Critter Corner: How Does the Tax Act Change Things for Seniors?

Dear Magic,

I am working on my 2018 taxes now. I understand that the Tax Cuts and Jobs Act is in effect for this year’s taxes. How does this tax reform affect U.S. citizens ages 65 and older? Any financial credits still available for family caregivers?


Chan Jess

Dear Chan,

The new tax laws are the most significant overhaul of the American tax system in more than 30 years. As you mentioned, most of the tax changes take effect with 2018 taxes (this year).

How New Legislation Affects Taxpayers 65 and Older

The standard deduction has increased from $6,350 to $12,000 for singles and from $12,700 to $24,000 for married couples filing jointly. Taxpayers ages 65 and older or who are blind or disabled can continue to claim an additional $1,300 ($1,600 for unmarried taxpayers), as the additional standard deduction remains intact. This means that many seniors will find it no longer beneficial to itemize deductions because of this larger standard deduction.

As in previous tax years, seniors may be able to reduce their taxes owed through a credit for the elderly or for those with disabilities. Also, if an individual is age 65 or older and receiving just Social Security, this income, in many cases, is not included in gross income. See our article immediately prior to this one.

Tax Tips for Family Caregivers

Family caregivers may be able to claim a deduction for the care of a dependent parent or obtain a tax credit for caregiving expenditures under the Child and Dependent Care Credit. Some employers offer dependent care benefits through a flexible spending account, which can save employees from paying taxes on a dependent senior’s care, including the payment for adult day care and in-home care services. Medical expenses for a dependent parent are also tax deductible.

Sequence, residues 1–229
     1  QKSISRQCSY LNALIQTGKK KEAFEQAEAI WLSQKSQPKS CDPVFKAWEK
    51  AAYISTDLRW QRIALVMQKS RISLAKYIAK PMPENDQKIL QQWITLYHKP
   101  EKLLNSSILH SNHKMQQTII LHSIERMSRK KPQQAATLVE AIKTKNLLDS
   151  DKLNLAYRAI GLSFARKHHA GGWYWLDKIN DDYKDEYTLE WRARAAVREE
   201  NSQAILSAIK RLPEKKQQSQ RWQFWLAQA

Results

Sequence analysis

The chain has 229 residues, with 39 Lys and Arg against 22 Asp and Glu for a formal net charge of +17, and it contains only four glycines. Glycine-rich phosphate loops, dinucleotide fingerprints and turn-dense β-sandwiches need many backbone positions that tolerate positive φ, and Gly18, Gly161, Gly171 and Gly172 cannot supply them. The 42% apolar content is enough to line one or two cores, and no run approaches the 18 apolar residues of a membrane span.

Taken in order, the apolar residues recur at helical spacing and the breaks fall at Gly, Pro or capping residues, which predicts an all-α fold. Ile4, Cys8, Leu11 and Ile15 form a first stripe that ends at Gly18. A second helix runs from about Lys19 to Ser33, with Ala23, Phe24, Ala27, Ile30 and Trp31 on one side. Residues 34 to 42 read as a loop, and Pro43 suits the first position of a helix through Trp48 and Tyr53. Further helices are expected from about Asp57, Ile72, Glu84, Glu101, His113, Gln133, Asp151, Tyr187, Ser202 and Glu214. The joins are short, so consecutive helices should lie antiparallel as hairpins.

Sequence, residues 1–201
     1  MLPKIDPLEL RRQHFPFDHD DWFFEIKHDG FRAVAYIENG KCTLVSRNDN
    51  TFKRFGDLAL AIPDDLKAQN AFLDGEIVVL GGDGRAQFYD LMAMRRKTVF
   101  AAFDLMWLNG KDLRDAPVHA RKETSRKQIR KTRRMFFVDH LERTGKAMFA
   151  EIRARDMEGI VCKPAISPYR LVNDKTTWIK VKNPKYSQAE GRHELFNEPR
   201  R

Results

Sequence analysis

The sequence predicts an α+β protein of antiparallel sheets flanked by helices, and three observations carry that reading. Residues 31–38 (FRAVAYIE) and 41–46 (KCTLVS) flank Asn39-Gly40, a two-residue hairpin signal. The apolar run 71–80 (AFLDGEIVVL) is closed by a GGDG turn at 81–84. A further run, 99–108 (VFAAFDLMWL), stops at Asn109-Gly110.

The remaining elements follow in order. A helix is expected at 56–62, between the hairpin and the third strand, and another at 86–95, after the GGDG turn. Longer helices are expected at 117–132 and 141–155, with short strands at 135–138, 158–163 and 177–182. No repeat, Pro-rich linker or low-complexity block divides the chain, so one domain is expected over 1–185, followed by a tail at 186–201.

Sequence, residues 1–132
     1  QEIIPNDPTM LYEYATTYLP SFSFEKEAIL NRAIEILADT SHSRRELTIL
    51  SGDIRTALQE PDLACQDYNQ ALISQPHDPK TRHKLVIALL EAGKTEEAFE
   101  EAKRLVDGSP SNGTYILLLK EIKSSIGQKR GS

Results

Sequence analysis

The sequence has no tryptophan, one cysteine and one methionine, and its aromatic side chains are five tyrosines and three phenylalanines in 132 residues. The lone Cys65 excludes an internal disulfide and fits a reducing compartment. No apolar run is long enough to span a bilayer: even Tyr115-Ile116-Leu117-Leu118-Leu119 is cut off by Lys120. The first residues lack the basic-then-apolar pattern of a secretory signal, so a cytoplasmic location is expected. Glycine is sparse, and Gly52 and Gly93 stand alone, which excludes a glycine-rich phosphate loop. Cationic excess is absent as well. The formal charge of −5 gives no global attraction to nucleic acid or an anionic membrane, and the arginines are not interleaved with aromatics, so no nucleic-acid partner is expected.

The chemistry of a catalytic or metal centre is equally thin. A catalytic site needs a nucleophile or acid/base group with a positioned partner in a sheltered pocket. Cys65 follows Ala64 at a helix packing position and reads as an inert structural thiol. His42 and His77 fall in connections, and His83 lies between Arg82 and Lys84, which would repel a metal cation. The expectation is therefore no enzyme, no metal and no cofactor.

Other New Tax Rules That Affect Taxpayers in General

Tax rates. The new law imposes slight rate adjustments to the seven tax brackets: 10, 12, 22, 24, 32, 35 and 37 percent.

Itemized deductions. With the increase in standard deductions, many taxpayers will no longer benefit from itemizing their deductions. If you do itemize, miscellaneous itemized deductions that no longer count include tax preparation and tax advice expenses, investment expenses, and unreimbursed employee expenses.

Exemptions. Starting in 2018, taxpayers cannot claim personal or dependency exemptions.
State and local taxes. The new tax laws still allow an itemized deduction for state and local income and property taxes, but starting in 2018, the total deductible amount is limited to $10,000. This new rule will more significantly impact property owners in high-tax states such as New York and California, and also many in our DC Metro area.

Medical expenses. For the tax years 2017 and 2018, medical expenses that exceed 7.5 percent of adjusted gross income (AGI) are deductible for all taxpayers. For most taxpayers, the previous threshold for deducting medical expenses was 10 percent of AGI. Unfortunately, beginning in 2019, the medical expense threshold goes back up 10% of AGI.

Hop this is helpful!

Print Friendly, PDF & Email
About Renee Eder

Renee Eder is the Director of Public Relations for the Farr Law Firm, and gives the voice to the Critters of Critter Corner. Renee’s poodle, Penny, is an official comfort dog who she and her children bring to visit with seniors who are in the early stages of dementia at a local senior home once a month.

Leave a comment

Thank you for your upload